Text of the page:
Mamata Kejriwal
West Bengal chief minister Mamata Banerjee (left) and her Delhi counterpart Arvind Kejriwal (right) Image Credit: ANI

Enthusiasts of Indian politics are watching the Aam Aadmi Party and the Trinamool Congress with renewed interest. Both parties are limited to one state each, have one chief minister each, but could be at the cusp of exponential growth.

AAP and TMC are not being subtle about what they are trying to do. They are both seeking to fill the vacuum left behind by a moribund Congress party, which according to even some of its own leaders, is unable to provide and an effective opposition in the world’s largest democracy.

It is interesting to note that the two parties are very different from each other, in every possible way. Their pitch to voters, their brand identity, their roots, their history, their leadership styles, the methods they are choosing for their expansion — on every count TMC and AAP offer two alternatives. It is a tribute to Indian democracy that such alternatives are being offered.

New wine or old wine in a new bottle?

The TMC has made it clear that it wants to cannibalise the Congress. While all attention is on the small states of Goa and Tripura, where the TMC has poached Congress leaders, it is fascinating to see how the TMC is bleeding the Congress of whatever leaders it still has in Uttar Pradesh.

It is doing so at a time when Priyanka Gandhi is trying hard (finally) to get some attention from voters in the most important state in Indian politics. The TMC is not even doing this for the forthcoming assembly elections in UP in March 2022. And it is not poaching leaders from other parties, not even the declining Bahujan Samaj Party. The target is Congress.

The ambition is clear: TMC is trying to become the new Congress, the Banerjees of Kolkata replacing the Gandhis of Delhi.

Arvind Kejriwal and the Aam Aadmi Party, on the other hand, haven’t been poaching leaders from other parties. AAP’s pitch to voters has been that it is fresh and new, not coming from the existing political class.

This is a very powerful pitch no doubt, given that a large number of voters are perennially disillusioned with the entire political class, the ‘system’. The TMC model of poaching leaders who already command some votes in their pockets is perhaps a quicker way of reaching the destination.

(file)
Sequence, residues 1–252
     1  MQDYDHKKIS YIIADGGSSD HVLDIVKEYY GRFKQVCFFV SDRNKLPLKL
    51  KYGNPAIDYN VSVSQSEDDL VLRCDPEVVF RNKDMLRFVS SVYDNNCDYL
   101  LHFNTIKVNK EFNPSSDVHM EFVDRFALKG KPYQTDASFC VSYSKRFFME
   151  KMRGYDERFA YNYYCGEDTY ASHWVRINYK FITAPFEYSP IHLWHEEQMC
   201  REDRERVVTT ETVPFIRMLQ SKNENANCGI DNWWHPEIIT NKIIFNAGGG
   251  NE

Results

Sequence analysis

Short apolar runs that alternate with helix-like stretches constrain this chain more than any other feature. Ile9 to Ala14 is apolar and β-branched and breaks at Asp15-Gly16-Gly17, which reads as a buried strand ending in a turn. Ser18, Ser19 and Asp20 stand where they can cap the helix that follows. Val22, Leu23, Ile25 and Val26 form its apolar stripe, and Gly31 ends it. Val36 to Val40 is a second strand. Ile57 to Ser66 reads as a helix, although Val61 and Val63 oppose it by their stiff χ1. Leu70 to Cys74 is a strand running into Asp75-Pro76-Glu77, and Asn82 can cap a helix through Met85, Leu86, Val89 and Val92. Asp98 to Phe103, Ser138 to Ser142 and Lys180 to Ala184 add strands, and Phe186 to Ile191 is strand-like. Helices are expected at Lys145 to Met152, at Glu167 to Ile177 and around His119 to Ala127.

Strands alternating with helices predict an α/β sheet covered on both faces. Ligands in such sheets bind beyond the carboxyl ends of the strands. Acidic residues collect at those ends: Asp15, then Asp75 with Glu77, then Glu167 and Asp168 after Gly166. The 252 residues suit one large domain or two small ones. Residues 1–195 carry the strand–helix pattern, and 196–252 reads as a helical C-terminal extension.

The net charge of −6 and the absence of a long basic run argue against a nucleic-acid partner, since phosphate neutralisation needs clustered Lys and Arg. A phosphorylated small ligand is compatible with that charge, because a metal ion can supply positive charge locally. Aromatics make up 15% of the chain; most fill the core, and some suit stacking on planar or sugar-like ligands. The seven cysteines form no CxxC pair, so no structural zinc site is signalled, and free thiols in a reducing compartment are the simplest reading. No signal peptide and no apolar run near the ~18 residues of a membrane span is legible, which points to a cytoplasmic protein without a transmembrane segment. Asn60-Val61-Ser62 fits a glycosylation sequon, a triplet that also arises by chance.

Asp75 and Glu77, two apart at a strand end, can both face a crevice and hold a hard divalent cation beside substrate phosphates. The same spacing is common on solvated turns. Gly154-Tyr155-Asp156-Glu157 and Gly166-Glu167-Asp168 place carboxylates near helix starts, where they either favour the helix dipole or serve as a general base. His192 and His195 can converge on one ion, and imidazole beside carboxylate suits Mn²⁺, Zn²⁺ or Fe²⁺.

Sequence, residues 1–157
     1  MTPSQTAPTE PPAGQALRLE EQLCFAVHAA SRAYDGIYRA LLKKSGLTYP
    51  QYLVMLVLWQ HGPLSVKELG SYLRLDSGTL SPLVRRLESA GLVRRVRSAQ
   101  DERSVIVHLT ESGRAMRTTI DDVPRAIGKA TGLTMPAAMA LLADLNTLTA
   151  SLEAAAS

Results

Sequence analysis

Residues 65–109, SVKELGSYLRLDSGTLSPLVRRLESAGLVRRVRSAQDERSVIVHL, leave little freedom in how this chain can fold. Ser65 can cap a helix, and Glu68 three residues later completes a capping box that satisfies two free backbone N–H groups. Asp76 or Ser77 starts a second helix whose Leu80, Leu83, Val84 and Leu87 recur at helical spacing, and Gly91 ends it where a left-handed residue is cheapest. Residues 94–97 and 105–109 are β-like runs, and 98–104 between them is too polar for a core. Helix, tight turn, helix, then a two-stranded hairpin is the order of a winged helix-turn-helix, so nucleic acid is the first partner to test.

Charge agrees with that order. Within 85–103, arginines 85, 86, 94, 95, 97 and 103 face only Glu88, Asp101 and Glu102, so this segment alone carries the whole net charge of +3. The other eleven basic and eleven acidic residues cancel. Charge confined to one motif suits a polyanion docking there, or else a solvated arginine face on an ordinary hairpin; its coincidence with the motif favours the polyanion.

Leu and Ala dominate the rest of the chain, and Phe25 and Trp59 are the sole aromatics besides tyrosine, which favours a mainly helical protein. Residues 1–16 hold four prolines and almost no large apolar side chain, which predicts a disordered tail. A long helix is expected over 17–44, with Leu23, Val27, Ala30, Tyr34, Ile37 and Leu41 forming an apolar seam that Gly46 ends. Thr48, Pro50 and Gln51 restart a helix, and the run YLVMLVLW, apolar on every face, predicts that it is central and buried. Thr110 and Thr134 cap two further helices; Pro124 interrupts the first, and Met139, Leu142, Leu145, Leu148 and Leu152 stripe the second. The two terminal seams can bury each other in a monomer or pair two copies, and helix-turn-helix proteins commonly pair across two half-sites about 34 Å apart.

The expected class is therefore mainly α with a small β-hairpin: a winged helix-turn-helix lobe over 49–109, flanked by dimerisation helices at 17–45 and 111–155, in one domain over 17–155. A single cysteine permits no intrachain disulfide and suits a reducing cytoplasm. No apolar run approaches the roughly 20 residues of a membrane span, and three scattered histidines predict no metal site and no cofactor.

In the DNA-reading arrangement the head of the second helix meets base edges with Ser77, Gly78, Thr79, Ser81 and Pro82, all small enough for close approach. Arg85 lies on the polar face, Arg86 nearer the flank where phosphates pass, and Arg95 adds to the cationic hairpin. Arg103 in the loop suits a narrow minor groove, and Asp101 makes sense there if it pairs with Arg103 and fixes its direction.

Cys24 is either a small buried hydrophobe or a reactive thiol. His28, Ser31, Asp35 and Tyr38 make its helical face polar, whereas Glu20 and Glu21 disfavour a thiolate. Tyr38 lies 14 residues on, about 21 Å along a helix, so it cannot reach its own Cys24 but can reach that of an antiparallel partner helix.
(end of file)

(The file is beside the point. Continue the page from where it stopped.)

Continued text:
It will be interesting, therefore, to watch if AAP’s CM candidate is from the existing political class or a ‘fresh’ face.

Centre right vs centre left

In terms of ideological positioning, the Trinamool Congress is decidedly left-of-centre. Its vocal faces in Delhi, Derek O’Brien and Mohua Moitra, speak in ideological terms against the ills of majoritarianism. The TMC also wears on its sleeve its opposition to India’s ruling Bharatiya Janata Party.

A few months ago, the TMC roundly beat the BJP in hard-fought contest in West Bengal. This has made TMC the flavour of the season for those opposed to the BJP.

The Aam Aadmi party has also defeated the BJP on its home turf, Delhi, not once but twice. Both times it was a resounding victory. Yet, ideologically, the AAP has gone from being non-committal to centre-right, endorsing religious majoritarianism and no longer being even subtle about it.

An engineer by training, Kejriwal has a simple mathematical explanation for this. The “secular” vote is divided between many small and big parties. The “Hindutva” vote has only one claimant — the BJP.

Kejriwal thinks he needs to persuade the BJP voter to shift to AAP for reasons of governance and ideology won’t be a point of friction. The TMC wants to consolidate the non-BJP vote and become its flag bearer.

Dividing the map

Between AAP and TMC, the AAP theoretically has a greater chance of succeeding, because it has a greater national resonance than TMC. Arvind Kejriwal is a Hindi-speaking politician and has some degree of acceptability in north India. The Bengali-speaking Mamata Banerjee is not fluent with Hindi or English.

But we are presuming here that TMC will sell Brand Didi to the masses. It may not do so, since it wants to rely on local leaders it will poach from the Congress and others. Didi, then, becomes more of a focal point for secular forces to unite around, not a mass leader per se.

With these differences of language and geography, TMC and AAP can enter different parts of India without always being up against each other. The TMC has made it clear it is interested in the north-east, starting with Tripura. The AAP is currently interested in north and north-western states, from Gujarat to Punjab.

Opposites attract

The TMC and AAP have begun competing for a post-Congress opposition vacuum. The contest has already begun from the coastal state of Goa.

Yet the two parties are actually offering different visions of a national opposition. To the extent that they both want to bury the Congress party, they complement each other.